Bethany Reynolds Awarded Fulbright to China

Bethany Reynolds

Bethany Reynolds

Bethany Reynolds, of Timonium, Md., a senior at Washington and Lee University, has received a Fulbright research/study grant to China for her project "Acquiring an Education for Migrant Children in Zhejiang Province."

The idea behind Reynolds' Fulbright is two-fold.  She will focus on the education of migrant workers' children, "I also hope to conduct exploratory research on immigrant identity.

"If I can find Spanish-speaking immigrants in my province, I hope to do fieldwork with them, tracking trends in transnationalism and the shifting paradigms of deterritorialization as it relates to the development of one's cultural identity, all novel fields in cultural anthropology," she said. "I have always [wanted] to connect my interests in the Spanish-speaking world and Mandarin-speaking world, so studying the immigrant population in China will enable me to finally bridge those interests."

Reynolds studied abroad through Middlebury University's language-immersion program in Hangzhou, China, where she conducted research on migrant workers and their children, alongside sociology Professor Wang Ping of Zhejiang University of Technology. She realized that she could dive even deeper into the issue with her Fulbright by visiting local schools and villages and districts of the city heavily populated by migrants, including Hangzhou, Ningbo, Wenzhou and Jinhua.

"Bethany is a student who has been doing liberal arts for the 21st century by applying her proficiency in languages of global significance (Chinese and Spanish) to her social science project abroad on migration between China and Latin America," said David Bello, associate professor of history.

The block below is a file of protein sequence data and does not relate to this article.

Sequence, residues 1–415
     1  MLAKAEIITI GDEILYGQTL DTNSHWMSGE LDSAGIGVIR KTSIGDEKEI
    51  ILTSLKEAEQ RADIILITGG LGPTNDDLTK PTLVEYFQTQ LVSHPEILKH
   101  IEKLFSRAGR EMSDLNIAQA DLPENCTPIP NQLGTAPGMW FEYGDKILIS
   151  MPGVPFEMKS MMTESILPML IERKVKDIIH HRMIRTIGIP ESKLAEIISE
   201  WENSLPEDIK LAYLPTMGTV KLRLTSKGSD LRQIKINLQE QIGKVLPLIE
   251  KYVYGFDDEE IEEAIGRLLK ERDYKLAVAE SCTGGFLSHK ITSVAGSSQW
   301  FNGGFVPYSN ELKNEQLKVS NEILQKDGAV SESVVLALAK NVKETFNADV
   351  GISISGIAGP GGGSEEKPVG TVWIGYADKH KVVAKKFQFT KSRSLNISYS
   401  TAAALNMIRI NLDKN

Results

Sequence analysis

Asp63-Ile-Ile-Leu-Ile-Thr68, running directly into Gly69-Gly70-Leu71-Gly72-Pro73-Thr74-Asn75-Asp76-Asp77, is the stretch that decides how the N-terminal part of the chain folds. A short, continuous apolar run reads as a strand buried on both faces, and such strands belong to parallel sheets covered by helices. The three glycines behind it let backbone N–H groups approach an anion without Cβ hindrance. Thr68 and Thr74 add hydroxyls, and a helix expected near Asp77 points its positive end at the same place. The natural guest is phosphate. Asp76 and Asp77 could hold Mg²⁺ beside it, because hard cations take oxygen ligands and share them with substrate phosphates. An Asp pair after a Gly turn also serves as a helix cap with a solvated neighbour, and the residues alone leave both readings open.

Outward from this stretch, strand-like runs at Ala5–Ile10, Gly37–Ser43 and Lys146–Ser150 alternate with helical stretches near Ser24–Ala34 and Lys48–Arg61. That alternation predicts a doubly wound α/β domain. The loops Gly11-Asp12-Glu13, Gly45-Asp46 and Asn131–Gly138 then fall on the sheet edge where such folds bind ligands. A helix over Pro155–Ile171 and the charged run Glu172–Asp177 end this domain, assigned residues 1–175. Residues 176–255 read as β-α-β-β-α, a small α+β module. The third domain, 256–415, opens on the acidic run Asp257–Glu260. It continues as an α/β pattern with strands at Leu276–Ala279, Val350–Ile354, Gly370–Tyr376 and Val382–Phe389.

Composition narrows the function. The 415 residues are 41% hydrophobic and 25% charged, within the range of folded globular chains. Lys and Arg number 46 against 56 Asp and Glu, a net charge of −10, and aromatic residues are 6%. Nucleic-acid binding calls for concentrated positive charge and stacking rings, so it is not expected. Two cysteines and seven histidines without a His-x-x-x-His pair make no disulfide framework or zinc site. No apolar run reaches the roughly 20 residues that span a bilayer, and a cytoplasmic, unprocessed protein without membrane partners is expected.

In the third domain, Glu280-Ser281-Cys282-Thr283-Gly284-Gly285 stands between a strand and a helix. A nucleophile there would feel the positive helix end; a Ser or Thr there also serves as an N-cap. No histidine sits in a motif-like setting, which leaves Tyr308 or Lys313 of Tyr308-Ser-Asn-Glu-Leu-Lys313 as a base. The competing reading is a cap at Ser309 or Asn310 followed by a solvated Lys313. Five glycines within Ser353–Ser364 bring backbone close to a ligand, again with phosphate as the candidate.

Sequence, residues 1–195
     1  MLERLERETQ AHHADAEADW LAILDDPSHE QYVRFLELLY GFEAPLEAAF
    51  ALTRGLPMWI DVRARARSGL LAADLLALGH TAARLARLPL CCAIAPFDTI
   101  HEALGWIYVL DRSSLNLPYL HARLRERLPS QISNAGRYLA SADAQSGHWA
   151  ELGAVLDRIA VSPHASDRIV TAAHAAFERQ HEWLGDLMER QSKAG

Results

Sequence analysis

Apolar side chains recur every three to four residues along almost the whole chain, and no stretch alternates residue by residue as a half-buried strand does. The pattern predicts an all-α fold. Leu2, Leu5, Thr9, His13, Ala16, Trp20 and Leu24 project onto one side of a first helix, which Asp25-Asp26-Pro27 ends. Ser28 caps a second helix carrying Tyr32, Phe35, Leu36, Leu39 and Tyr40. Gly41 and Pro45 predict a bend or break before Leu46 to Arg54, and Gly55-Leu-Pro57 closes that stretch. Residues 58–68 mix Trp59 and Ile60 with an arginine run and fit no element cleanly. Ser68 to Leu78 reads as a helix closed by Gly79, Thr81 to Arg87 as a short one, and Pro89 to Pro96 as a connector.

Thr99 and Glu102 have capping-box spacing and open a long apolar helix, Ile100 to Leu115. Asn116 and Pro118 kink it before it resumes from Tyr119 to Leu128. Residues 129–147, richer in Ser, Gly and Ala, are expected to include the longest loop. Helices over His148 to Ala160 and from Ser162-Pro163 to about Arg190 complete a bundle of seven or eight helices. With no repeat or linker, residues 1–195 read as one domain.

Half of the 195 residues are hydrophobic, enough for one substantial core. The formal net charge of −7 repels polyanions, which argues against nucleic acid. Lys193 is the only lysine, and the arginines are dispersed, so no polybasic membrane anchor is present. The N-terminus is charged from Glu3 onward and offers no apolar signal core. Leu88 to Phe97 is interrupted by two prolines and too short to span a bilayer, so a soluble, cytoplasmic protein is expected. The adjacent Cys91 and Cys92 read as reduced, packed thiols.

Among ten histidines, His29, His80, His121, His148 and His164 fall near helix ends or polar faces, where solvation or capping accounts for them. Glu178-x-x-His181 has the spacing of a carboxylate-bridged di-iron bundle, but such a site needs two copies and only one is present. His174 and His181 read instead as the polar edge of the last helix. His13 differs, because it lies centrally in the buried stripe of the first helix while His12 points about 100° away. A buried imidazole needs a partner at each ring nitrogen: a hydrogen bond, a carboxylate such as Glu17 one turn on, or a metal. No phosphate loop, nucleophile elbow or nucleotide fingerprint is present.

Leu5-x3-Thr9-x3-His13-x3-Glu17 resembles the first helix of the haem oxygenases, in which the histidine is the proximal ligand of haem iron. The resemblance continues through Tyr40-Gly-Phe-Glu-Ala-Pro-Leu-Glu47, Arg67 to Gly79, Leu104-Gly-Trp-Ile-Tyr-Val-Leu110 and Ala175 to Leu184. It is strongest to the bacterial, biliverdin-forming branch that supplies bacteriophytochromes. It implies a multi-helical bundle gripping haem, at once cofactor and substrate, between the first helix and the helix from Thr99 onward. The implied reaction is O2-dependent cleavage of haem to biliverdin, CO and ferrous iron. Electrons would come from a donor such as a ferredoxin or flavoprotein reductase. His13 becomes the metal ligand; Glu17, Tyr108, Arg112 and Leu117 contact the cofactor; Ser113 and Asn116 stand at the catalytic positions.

"This burgeoning population of transitory and marginalized peoples is a critical social issue in China today," Reynolds continued in describing the idea and plans for her Fulbright grant.  "Some statistics say 10-15 percent of China's population is of migrant status; so their issues of identity development, educational opportunity, assimilation into urban society and lack of welfare provisions (among others) are becoming increasingly relevant to China's future wellbeing.

Reynolds is an East Asian languages and literature major with a concentration in Chinese. She is a member of Phi Eta Sigma Freshman National Honor Society, Omicron Delta Kappa, the W&L Singers and the Dean's List. She works for W&L's Tucker Multimedia Center in the language/humanities lab and is an advanced pianist.

She is the founder of Preparing for Tomorrow, a biannual series of discussion forums aimed at educating W&L about contemporary global issues. She presented a research paper to the Society for Applied Anthropology in March 2013 on her work at the NCSU Ethnographic Field School in Guatemala (summer 2012).

Post-Fulbright, she plans to enroll in an M.A./Ph.D. program for sociocultural anthropology, specializing in China, and then enter academia, consulting or NGO-work.

"Her Fulbright award has confirmed for me that, as the Chinese saying goes, '青出于蓝,而胜于蓝,' (the student has surpassed the teacher)," said Bello. "She's truly plugged into two of the right cultures during the right century."

News Contact:
Julie Cline
News Writer
jcline@wlu.edu
540-458-8954

 

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